I once carried narcotics but gave it up. It’s too much hassle.
For garden-variety pain, codeine, Vicodin et al are sometimes but not always superior to over-the-counter pain medicines. I liked them because hotel guests have usually tried ibuprofen, Advil, Motrin, naproxen, etc. During the visit, I can hand over a few days of narcotics, and the guest knows he’s getting something different.
Nowadays, when I determine during the phone call that the guest only needs a pain medicine, I have nothing to offer, so I end up not making the visit. Many guests don’t want to pay the housecall fee in exchange for a prescription.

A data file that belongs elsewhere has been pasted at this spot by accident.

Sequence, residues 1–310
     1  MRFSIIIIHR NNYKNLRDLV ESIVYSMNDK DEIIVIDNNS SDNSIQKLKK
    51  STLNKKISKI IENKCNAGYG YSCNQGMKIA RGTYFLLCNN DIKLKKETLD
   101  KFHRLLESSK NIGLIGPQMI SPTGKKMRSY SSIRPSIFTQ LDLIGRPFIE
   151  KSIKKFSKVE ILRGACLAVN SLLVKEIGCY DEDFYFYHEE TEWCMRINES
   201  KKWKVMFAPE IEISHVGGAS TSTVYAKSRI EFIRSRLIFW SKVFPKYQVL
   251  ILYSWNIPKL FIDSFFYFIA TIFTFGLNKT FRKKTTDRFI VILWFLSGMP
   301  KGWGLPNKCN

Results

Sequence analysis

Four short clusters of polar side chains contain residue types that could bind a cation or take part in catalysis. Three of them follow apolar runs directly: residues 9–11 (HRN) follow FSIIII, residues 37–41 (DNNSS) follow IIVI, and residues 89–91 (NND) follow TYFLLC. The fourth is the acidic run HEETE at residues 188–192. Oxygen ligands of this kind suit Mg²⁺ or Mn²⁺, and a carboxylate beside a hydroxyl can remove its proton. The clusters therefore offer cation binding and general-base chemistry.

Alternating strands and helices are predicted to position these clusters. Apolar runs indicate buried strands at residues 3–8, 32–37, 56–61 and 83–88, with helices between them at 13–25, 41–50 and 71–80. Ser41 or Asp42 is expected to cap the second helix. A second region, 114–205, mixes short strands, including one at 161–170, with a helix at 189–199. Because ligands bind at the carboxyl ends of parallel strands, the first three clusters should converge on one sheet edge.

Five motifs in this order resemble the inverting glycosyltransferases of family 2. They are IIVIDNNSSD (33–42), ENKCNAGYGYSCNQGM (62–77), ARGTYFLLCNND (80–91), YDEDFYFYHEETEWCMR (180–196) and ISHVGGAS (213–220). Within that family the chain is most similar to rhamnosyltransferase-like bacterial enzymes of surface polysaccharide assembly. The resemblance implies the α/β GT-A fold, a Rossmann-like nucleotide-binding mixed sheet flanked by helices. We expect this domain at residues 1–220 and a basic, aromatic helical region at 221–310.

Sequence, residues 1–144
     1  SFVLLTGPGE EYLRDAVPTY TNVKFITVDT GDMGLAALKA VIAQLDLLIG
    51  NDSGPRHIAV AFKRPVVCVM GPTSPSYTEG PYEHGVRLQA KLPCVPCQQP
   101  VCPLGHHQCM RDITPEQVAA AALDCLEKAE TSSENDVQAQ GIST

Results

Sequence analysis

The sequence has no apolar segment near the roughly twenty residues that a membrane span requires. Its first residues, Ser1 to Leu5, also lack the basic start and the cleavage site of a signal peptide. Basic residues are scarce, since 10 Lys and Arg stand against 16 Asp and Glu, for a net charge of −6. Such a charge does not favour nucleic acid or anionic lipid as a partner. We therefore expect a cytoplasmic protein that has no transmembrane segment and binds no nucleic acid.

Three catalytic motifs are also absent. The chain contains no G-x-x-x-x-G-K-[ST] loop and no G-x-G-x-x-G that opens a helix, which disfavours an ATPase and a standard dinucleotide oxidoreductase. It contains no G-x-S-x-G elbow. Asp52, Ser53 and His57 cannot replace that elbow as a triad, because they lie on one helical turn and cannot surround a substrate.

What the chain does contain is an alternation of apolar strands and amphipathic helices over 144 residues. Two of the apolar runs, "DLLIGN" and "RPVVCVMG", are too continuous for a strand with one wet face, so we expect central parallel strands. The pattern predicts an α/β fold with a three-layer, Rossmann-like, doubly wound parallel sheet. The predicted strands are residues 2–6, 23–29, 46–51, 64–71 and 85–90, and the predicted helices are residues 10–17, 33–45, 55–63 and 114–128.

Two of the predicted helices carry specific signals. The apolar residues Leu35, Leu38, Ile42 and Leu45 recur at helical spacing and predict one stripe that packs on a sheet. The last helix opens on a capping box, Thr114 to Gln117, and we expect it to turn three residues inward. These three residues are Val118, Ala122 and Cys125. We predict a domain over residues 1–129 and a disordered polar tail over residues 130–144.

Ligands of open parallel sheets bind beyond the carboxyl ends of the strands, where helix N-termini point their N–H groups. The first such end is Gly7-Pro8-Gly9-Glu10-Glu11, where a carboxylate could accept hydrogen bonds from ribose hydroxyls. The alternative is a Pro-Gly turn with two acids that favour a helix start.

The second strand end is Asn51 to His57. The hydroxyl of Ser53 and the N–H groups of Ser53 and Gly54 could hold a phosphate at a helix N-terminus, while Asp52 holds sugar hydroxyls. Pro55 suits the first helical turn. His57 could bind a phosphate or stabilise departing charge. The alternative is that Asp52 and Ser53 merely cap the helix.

In an effort to fight the raging opioid epidemic, states have passed laws to keep track of narcotics. Pharmacists now send a report to the state for every narcotic prescription they fill. That’s easy because pharmacists already record everything on their computer, so they merely hit an extra button to send the report.
If I hand out a few narcotics, I must sit down at my computer when I return home, find the reporting form, and fill it out. Some of the questions seemed cryptic, so I worried that I wasn’t doing it correctly. It seemed safer to stop handing them out.